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History

Standing the Test of Time

Never before has the nation been presented with the distinct possibility that a woman or a man of color could be elected president. Yet here it is: the two front runners for the Democratic nomination are New York Sen. Hillary Clinton and Illinois Sen. Barack Obama. their children in case of legal separation. Divorce was …

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George C. Marshall: True soldier

On Sept. 1, 1939, as German troops thundered across the Polish border, Gen. George C. Marshall succeeded Malin Craig as the U.S. Army Chief of Staff. One week later, Marshall returned to his birthplace and childhood home in Uniontown, 46 miles southeast of Pittsburgh for a homecoming celebration. The man President Harry Truman was to …

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Friends in Unfriendly Times

Adena Johnson Davis remembers marching up to the front desk at the University of Pittsburgh’s School of Nursing, plunking down her test scores, report cards and transcripts. She was a slight, young woman and had been an ‘A’ student at Peabody High School. For sure, she thought, this will get me in. The school’s secretary, …

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Andrew W. Mellon: Building a Banking Empire

The year was 1866. With monotonous regularity, an older man and a little boy boarded the train in East Liberty for the short run downtown. The older man, attired in a long-tailed frock coat and a high-starched wing collar, spoke to the boy about matters of consequence; he spoke to him as an adult. The …

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Andrew Carnegie: The Black and the white

Andrew Carnegie was America’s first great industrialist, the nation’s quintessential philanthropist, and, closer to home, Pittsburgh’s favorite son. He was also, however, a man of startling ethical and moral contrasts, and those paradoxes threaten his reputation. Was his bountiful philanthropy based upon purely beatific instincts or was it, to paraphrase Clausewitz, simply self-promotion “by other …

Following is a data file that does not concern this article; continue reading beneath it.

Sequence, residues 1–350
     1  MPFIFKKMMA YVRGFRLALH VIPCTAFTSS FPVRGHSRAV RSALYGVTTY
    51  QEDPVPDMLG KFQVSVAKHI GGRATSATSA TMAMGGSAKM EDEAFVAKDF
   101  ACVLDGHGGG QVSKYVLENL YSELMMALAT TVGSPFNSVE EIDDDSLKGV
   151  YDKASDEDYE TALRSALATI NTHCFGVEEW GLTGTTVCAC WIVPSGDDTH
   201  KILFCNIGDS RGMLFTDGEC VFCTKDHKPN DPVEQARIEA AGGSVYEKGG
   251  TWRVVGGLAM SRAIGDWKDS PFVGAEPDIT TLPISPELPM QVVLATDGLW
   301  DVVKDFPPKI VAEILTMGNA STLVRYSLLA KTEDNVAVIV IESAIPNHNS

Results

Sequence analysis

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Raging Grannies

Sometimes we Raging Grannies create quite a stir. Being of a “certain age,” none of us ever expected to find ourselves before an audience, let alone exiting to applause. But there we are, clambering up on stages and platforms, wearing outrageous hats and running shoes, singing like canaries and loving it. A feisty dozen women …

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The Real George

The blood splatters on the lawn would wash away with the next rain, but Mary and I knew the crimson stains on the tree trunk would be there a long time. The most jarring moments came when we encountered the body on the floor, head half shot away. His name was Trevor, and he lay …

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George Westinghouse: The Mystery

It was a dreary fall day when, on a friend’s suggestion, I visited the George Westinghouse Museum in Wilmerding. It is housed inside the former Westinghouse Air Brake offices, a gray stone building with a hint of the medieval, appropriately named “the Castle.” The edifice was built by a man who lived 68 years and …

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What is Pittsburgh?

Before Pittsburgh became a place, before it was an idea, before its stories, its heroes, its villains, its tales of exploration, adventure, discovery and struggle became part of the popular imagination and American life, it was a space defined only by the movement of water through mountains, valleys, forests and a dark wilderness. A young …

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